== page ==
Aggressiveness of care at the end of life for cancer patients in Portugal

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Aggressiveness of care at the end of life for cancer patients in Portugal

Monday, 15.02.2021

7 out of 10 cancer patients who die in a public hospital in mainland Portugal are exposed to overly aggressive treatments that could compromise the quality of life at its end. Clinicians should consider cancer type, disease stage, comorbidities, age, and the influence of hospital oncology culture, to help patients with cancer to avoid aggressiveness of cancer care at the end of life.

 

Authors and Affiliations:

Diogo Martins ­Branco1,2, Silvia Lopes3,4, Rita Canario1,5, João Freire2, Madalena Feio6, José Ferraz-Gonçalves7, Gabriela Sousa5, Nuno Lunet8,9, Barbara Gomes1,10

1 Cicely Saunders Institute of Palliative Care, Policy and Rehabilitation, King’s College London; Bessemer Road, London SE5 9PJ, United Kingdom;

2 Medical Oncology Department, Instituto Português de Oncologia de Lisboa Francisco Gentil; Rua Professor Lima Basto, 1099-023 Lisbon, Portugal;

3 NOVA National School of Public Health, Public Health Research Centre, Universidade NOVA de Lisboa; Avenida Padre Cruz, 1600-560 Lisbon, Portugal;

4 Comprehensive Health Research Centre; Campo Mártires da Pátria 130, 1169-056 Lisbon, Portugal;

5 Medical Oncology Department, Instituto Português de Oncologia de Coimbra Francisco Gentil, Av. Bissaya Barreto 98, 3000-075 Coimbra, Portugal;

6 Hospital Palliative Care Support Team, Instituto Português de Oncologia de Lisboa Francisco Gentil, Rua Professor Lima Basto, 1099-023 Lisbon, Portugal;

7 Palliative Care Department, Instituto Português de Oncologia do Porto Francisco Gentil, Rua Dr. António Bernardino de Almeida 865, 4200-072 Porto, Portugal;

8 Department of Public Health and Forensic Sciences and Medical Education, University of Porto Medical School, Alameda Prof. Hernâni Monteiro, 4200-319 Porto, Portugal;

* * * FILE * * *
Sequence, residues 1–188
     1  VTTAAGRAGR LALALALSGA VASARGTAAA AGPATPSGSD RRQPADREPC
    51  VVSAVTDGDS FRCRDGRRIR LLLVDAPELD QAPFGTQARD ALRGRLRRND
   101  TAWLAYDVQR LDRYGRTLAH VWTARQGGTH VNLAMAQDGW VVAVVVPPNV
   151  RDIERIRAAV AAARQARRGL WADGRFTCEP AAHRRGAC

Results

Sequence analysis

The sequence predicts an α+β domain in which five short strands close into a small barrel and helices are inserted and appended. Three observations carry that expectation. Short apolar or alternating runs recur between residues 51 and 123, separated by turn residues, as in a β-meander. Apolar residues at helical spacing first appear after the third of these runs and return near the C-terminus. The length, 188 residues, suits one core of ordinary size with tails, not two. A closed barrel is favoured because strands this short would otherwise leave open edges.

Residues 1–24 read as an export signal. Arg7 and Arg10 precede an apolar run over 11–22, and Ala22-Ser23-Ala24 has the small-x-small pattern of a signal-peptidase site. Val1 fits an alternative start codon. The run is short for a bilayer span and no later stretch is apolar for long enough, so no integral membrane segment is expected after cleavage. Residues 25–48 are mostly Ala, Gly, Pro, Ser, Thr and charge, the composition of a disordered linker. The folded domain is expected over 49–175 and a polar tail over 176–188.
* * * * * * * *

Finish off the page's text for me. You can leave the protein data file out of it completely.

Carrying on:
9 EPIUnit, Institute of Public Health, University of Porto, Rua das Taipas 135, 4050-600 Porto, Portugal;

10 Faculty of Medicine, University of Coimbra, Rua Larga, 3004-504 Coimbra, Portugal.

 

Abstract:

Factors associated with the aggressiveness of care at the end of life for patients with cancer dying in hospital: a nationwide retrospective cohort study in mainland Portugal

Introduction: There is growing concern about the aggressiveness of cancer care at the end of life (ACCEoL), defined as overly aggressive treatments that compromise the quality of life at its end. Recognising the most affected patients is a cornerstone to improve oncology care. Our aim is to identify factors associated with ACCEoL for patients with cancer dying in hospitals.

Methods: All adult patients with cancer who died in public hospitals in mainland Portugal (January 2010 to December 2015), identified from the hospital morbidity database. This database provided individual clinical and demographic data. We obtained hospital and region-level variables from a survey and National Statistics. The primary outcome is a composite ACCEoL measure of 16 indicators. We used multilevel random effects logistic regression modelling (p<0·05).

Results: We included 92 155 patients: median age 73 years; 62% male; 53% with metastatic disease. ACCEoL prevalence was 71% (95% CI 70% to 71%). The most prevalent indicators were >14 days in the hospital (43%, 42–43) and surgery (28%, 28–28) in the last 30 days.

Older age (p<0·001), breast cancer (OR 0·83; 95% CI 0·76 to 0·91), and metastatic disease (0·54; 95% CI 0·50 to 0·58) were negatively associated with ACCEoL. In contrast, higher Deyo-Charlson Comorbidity Index (p<0·001), gastrointestinal and haematological malignancies (p<0·001), and death at cancer centre (1·31; 95% CI 1·01 to 1·72) or hospital with medical oncology department (1·29; 95% CI 1·02 to 1·63) were positively associated with ACCEoL. There was no association between hospital palliative care services at the hospital of death and ACCEoL.

Conclusion: Clinical factors related to a better understanding of disease course are associated with ACCEoL reduction. Patients with more comorbidities and gastrointestinal malignancies might represent groups with complex needs, and haematological patients may be at increased risk because of unpredictable prognosis. Improvement of hospital palliative care services could help reduce ACCEoL, particularly in cancer centres and hospitals with medical oncology department, as those services are usually under-resourced, thus reaching few.

 

Journal: ESMO Open

 

Link: https://www.esmoopen.com/article/S2059-7029(20)32745-9/fulltext